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by Calven Celliers

I was recently introduced to the amazing work and talent of Liu Bolin, a Chinese performance artist known for using chameleon-like methods to immerse himself in environments, earning him the nickname “The Invisible Man”. To do this, he covers his entire body in paint which perfectly matches his chosen backdrop, painting himself into real-life scenes.

As I ‘paged’ through the online images of Liu’s fascinating work, I started pondering the call on us as Christians to be in this world but not of this world. As Christians, we sometimes try to walk the fine line between blending in with the world around us and standing out as citizens of God’s Kingdom. Becoming worldly may make us ineffective witnesses for Christ, while preaching from a holier-than-thou standpoint can isolate us from the very people God has called us to impact.

In the Gospel of Luke 19 we read about the life changing, destiny altering encounter that a certain tax collector, by the name of Zacchaeus, had with Jesus as He passed through Jericho.

1Jesus entered Jericho and was passing through. A man was there by the name of Zacchaeus; he was a chief tax collector and was wealthy. He wanted to see who Jesus was, but because he was short he could not see over the crowd. So he ran ahead and climbed a sycamore-fig tree to see him, since Jesus was coming that way. When Jesus reached the spot, he looked up and said to him, “Zacchaeus, come down immediately. I must stay at your house today.” So he came down at once and welcomed him gladly. All the people saw this and began to mutter, “He has gone to be the guest of a sinner.” But Zacchaeus stood up and said to the Lord, “Look, Lord! Here and now I give half of my possessions to the poor, and if I have cheated anybody out of anything, I will pay back four times the amount.”” (Luke 19: 1 – 8NIV)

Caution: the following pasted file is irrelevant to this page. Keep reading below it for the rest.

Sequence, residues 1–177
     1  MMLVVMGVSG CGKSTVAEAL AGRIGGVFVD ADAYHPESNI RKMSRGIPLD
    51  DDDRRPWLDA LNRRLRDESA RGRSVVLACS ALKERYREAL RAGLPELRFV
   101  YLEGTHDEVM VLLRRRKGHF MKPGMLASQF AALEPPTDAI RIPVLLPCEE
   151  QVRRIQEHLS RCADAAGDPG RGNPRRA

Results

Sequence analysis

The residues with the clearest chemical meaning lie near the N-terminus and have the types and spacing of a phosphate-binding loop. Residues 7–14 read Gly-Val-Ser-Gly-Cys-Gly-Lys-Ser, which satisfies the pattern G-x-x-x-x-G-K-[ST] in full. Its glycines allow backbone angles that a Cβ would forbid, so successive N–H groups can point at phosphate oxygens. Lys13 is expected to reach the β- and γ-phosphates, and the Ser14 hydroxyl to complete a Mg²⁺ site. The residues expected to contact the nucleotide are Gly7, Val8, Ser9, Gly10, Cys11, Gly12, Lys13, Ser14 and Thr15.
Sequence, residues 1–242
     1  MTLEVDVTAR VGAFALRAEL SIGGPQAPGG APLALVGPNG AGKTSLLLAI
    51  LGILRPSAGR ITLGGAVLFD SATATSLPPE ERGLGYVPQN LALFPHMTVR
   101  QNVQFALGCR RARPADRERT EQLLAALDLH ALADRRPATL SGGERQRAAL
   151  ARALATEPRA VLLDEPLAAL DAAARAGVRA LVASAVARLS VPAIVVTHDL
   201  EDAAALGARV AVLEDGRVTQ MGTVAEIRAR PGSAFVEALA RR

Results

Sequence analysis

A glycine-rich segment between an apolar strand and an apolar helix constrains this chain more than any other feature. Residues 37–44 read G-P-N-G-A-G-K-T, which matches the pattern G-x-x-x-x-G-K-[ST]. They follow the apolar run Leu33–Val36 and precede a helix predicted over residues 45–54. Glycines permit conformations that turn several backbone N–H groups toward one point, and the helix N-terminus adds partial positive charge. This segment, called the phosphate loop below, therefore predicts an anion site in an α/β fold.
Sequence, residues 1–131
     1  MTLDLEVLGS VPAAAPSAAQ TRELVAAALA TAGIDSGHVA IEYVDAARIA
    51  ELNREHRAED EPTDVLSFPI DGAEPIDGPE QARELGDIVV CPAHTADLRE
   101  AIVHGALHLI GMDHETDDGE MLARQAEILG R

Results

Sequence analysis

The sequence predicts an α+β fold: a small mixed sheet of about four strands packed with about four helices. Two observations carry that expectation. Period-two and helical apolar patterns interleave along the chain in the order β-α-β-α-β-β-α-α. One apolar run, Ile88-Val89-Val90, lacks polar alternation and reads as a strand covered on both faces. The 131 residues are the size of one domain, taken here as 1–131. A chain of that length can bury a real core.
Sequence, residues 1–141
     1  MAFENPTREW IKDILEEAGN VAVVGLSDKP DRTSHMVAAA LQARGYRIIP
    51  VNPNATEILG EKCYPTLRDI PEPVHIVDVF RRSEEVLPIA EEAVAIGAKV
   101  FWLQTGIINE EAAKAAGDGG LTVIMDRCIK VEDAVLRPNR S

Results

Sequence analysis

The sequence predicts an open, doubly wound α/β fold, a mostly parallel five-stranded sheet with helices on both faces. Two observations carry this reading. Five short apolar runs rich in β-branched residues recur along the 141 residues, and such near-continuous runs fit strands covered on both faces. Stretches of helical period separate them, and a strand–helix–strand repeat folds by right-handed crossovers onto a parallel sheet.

The conviction of Zacchaeus’ heart was not the result of any lecture or religious finger wagging from Christ. As a result of Jesus’ tender compassion Zacchaeus was open to the working of God’s Spirit in his heart and as a result volunteered to “give [the people] back four times as much” as he had wrongly taken from them. Jesus celebrated this change of heart. What we learn from Christ’s example is that although there is a time to confront sinful behaviour, we must be gentle and gracious with people who may, or may not, see their need for God. 

Although Jesus regularly engaged with sinful people, after all He reminds us in the Gospel of Mark that 17It is not the healthy who need a doctor, but the sick. I have not come to call the righteous, but sinners.” (Mark 2:17NIV), it’s important to note that He never participated in their sin. He visited Zacchaeus’ home, but He didn’t go into business with him or accept shady money from the “notorious sinner”. When (not if) we befriend unbelievers, we should consider how we might lift them up, allowing the power of God’s abiding Spirit within us to influence them for the good, rather than changing our convictions to match theirs.

If we follow Jesus’ lead when it comes to relating to the people and the culture around us, we’ll find the right balance between being in the world but not of it.


God bless,


This Post Has One Comment

  1. John Doyle

    A wonderful word Ps. Calven. Greatly blessed. Thank you.

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